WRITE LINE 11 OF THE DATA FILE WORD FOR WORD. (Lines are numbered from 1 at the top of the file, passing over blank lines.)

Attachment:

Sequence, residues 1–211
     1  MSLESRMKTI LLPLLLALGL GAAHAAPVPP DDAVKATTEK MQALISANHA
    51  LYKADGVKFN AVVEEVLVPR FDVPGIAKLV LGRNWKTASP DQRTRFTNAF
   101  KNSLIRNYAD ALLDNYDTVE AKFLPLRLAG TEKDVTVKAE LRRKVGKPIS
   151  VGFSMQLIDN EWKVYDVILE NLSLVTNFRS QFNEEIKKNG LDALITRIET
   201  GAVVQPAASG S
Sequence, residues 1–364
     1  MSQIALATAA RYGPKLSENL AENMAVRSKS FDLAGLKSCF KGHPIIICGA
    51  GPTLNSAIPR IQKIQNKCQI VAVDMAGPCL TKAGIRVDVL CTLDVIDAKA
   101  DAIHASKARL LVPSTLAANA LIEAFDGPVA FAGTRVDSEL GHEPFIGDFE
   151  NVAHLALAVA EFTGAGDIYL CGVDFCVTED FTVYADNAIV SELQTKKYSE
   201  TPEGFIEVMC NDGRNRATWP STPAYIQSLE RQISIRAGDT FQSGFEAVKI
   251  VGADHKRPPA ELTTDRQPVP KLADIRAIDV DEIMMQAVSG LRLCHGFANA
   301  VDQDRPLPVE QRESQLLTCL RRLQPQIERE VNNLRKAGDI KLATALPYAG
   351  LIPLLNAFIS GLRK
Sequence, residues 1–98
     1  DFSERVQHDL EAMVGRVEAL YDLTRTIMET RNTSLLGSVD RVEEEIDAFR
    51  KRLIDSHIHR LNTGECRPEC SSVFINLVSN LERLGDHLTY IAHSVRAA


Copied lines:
   151  NVAHLALAVA EFTGAGDIYL CGVDFCVTED FTVYADNAIV SELQTKKYSE